Oklahoma went on a similar tax-cutting binge starting in 2004. Legislators passed a series of bills gradually reducing the state’s top income tax rate, which applies to the majority of tax filers. They also increased the standard deduction and exempted capital gains from Oklahoma property sales. The cuts to the income tax rate alone have cost the state $1 billion annually, according to the Oklahoma Policy Institute.

Many states were forced to cut education funding when tax revenue dried up during the Great Recession. Oklahoma now finds itself in an especially dire budget situation because it continued to cut taxes during the recovery that followed, according to Michael Leachman, an analyst at the Center on Budget and Policy Priorities. In addition to slashing income taxes, the state also cut the effective rate of its gross production tax on oil and gas firms.

“They sort of maximized the damage that the recession did to their schools and other public services, and as the economy improved, they kept cutting taxes,” Leachman said. “You’re just digging your hole even deeper.”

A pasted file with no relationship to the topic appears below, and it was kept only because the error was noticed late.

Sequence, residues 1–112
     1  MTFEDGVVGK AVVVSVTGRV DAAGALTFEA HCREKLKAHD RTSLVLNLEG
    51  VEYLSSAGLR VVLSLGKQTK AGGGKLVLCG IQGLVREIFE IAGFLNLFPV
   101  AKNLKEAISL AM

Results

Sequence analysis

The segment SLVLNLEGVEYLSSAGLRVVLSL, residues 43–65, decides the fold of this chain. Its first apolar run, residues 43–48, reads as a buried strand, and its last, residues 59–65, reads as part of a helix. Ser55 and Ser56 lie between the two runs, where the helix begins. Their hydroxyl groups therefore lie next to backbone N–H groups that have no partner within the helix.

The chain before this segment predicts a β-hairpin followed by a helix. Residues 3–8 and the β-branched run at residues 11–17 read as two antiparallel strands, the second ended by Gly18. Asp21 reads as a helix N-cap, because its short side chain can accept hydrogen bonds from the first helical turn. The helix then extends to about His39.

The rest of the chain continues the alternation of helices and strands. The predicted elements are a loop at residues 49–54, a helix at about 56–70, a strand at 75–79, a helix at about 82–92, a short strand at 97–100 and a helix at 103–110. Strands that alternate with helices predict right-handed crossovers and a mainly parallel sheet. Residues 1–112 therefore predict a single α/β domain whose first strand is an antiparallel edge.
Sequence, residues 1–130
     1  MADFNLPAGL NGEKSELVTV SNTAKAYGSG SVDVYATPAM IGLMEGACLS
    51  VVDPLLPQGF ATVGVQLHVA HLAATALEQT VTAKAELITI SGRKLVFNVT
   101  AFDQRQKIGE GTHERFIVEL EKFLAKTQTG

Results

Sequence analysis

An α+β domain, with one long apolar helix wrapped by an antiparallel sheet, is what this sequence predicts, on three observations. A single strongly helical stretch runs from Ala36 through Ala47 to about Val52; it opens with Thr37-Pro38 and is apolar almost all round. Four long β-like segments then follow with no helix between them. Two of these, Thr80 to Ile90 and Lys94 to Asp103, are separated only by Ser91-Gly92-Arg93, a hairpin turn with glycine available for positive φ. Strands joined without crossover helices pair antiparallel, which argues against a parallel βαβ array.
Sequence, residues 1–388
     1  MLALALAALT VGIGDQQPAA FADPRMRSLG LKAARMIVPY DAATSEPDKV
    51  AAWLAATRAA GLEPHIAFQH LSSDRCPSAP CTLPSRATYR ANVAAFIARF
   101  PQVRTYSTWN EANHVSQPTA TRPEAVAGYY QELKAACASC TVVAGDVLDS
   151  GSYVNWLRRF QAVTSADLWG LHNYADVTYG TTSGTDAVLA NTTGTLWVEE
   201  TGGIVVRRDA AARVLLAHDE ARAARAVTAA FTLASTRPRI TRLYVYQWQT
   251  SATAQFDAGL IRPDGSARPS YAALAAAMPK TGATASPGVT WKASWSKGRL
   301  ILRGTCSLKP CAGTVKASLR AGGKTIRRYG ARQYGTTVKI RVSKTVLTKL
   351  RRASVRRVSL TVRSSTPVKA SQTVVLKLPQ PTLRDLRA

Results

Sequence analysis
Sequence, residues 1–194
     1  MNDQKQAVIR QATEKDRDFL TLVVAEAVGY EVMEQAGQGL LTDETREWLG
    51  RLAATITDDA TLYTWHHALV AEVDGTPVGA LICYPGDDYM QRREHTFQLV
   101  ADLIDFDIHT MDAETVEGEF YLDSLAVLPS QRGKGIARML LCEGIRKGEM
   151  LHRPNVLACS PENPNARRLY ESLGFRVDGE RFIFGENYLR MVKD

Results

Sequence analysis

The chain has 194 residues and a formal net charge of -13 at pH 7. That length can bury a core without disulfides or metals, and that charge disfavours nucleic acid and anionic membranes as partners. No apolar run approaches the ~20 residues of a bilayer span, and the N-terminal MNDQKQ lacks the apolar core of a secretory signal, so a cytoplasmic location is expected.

Just as falling demand for coal helped dry up West Virginia’s coffers, the drop in oil prices eventually hammered Oklahoma. The state has led the nation over the past decade in cuts to its education formula funding, which is the primary way individual districts get state money for schools. Oklahoma has slashed that funding by 28 percent since 2008 when adjusted for inflation, according to CBPP.

HuffPost readers: Are you an Oklahoma educator willing to talk to a reporter? Email us.

The squeezed budget has led to a grave teacher shortage, just like the one in West Virginia. Many Oklahoma schools have dropped to four-day weeks to save money. Each year the state has to certify an increasing number of emergency teachers to fill vacant roles ― it had 1,429 at the start of the current school year, up from 32 just five years ago. Teachers hired in these “emergency” roles do not have to meet the state’s normal minimum requirements to teach in public school.

Bonny Reibert, who teaches fifth- and sixth-grade special education in Tulsa, said she knows of three roles in her school being filled on an emergency basis.

“It’s not a knock on the emergency certified teachers, but the preparedness they lack is evident in the classroom,” Reibert said. “I’ve been teaching 11 years and I’m just now starting to feel comfortable with my ability and my skills. If you’re emergency, you’re an amateur and you need that time.”